And so made significant . . .

around the world, and through the centuries

11 May

1676
John Evelyn,
writer

I dined with Mr Charleton, and went to see Mr Montague’s new palace, near Bloomsbury, built by Mr Hooke, of our Society, after the French manner [now the site of the British Museum].

A most excellent person

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1740
George Whitefield,
priest

‘Preached to about 15,000 People in the Morning, and observed a great Melting to follow the Word.’

Preaching with power

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1812
Charles Abbot,
lawyer and politician

‘The House of Commons being in Committee hearing evidence on the Orders in Council, at a few minutes after five, I was called down from my room into the house by a message that Mr [Spencer] Perceval [Prime Minister] was shot in the lobby.

As soon as I had taken the chair, the assassin, a bankrupt Liverpool merchant, John Bellingham, was forcibly brought to the bar. I detained him till a Magistrate was brought, who came almost instantly; and then the assassin was conducted to the prison room belonging to the Serjeant-at-Arms, where he was examined before Mr White, a Westminster Justice; and Mr Alderman Combe and Mr Taylor, two Members who were also Justices, and thereupon committed to Newgate for murder.

Mr Perceval’s body (for he fell lifeless after he had staggered a few paces into the lobby) was brought into my house, and remained in the first picture room till the family removed it (for privacy) at one o’clock in the morning to Downing Street.’

An agony of tears

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1817
Allan Cunningham,
botanist and explorer

‘It is as large as the northwest river which we intend to continue upon, and which we are induced from appearances to conclude will not be of long existence as a river. We fathomed the deepest part and found it did not exceed 19 ft. It is evident that these plains are inundated by the river in great floods from the eastward, for in fact the highest land (the few rocky hills excepted) is on the immediate bank of the river, so that the floods rising over the banks descend down upon the plains on each side this channel. On the plains we observed two native companions (Grus australasiana), and our people shot two swans. From the circumstance of having seen two bark canoes moored among the reeds on the river’s left bank, and from the body of smoke ascending above the small trees at the base of Mount Melville on the opposite side of the plain, it is evident that there are some natives existing in these parts. We, however, saw none.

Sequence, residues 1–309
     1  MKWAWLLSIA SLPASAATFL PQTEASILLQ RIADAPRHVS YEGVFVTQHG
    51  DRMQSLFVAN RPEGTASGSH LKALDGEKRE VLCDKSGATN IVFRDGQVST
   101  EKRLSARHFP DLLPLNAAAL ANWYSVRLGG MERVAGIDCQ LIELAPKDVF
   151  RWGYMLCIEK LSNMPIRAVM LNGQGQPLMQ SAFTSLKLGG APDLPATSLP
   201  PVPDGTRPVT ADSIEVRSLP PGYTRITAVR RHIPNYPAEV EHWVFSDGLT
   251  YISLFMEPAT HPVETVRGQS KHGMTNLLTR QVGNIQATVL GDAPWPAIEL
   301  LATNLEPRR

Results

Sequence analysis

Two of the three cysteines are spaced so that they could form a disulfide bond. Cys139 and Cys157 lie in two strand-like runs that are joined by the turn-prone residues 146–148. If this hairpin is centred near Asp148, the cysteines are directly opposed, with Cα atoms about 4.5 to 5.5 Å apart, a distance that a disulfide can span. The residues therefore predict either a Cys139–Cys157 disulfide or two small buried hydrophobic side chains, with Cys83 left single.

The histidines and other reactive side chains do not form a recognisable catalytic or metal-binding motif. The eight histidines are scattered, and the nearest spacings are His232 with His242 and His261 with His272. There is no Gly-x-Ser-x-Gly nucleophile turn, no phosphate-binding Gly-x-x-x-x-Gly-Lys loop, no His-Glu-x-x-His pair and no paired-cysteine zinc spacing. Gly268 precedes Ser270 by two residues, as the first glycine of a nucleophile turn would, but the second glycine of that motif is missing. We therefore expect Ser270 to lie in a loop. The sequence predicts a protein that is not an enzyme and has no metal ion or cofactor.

It was a matter of surprise that we fell in with so very few natives, whose marks are daily before our eyes, but it appears sufficiently obvious that experience has taught them to retire from a river where a supply of food is extremely precarious, and where a sudden inundation would in a moment sweep them away. Choosing rather to retire to the hilly country where they are enabled to obtain a daily subsistence with greater facility, and are not liable to be surprised and overtaken by floods.

N.B. It appears they only visit the river in great drought, when there is but little water in its channel, and are then able to procure the large horse mussel from its muddy bottom, which they cannot possibly obtain in floods and strong currents. They have no idea of angling or have any method to catch that we know of. The viviparous Pancratium purpureum] grows extremely luxuriant on these slimy plains. An unfortunate accident happened us this day. The horse that usually carried the barometer fell beneath his load and broke that valuable instrument.’

In search of water

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1851
Henry Greville,
courtier and diplomat

‘I went yesterday for the first time to the Exhibition. It is really a marvellous place, beautiful and singular, but although filled with everything curious from all parts of the world, its immense size gives one a feeling of hopeless bewilderment. I did little more than walk through a part of it, glancing at the wondrous things it contains, and at the general effect of the building, and of the crowds of people who perambulated it without confusion or inconvenience, but I returned home jaded, with aching head and eyes from the glare, and with the sensation of being glad I had seen it, and (no doubt stupidly) with no desire to return there. Its success is great and universal, and when one recollects that seven months ago the building was not begun, and that now this stupendous edifice is finished, filled with everything most wonderful, and gathered from all corners of the world, it is nothing short of marvellous. The receipts are immense and daily increasing.’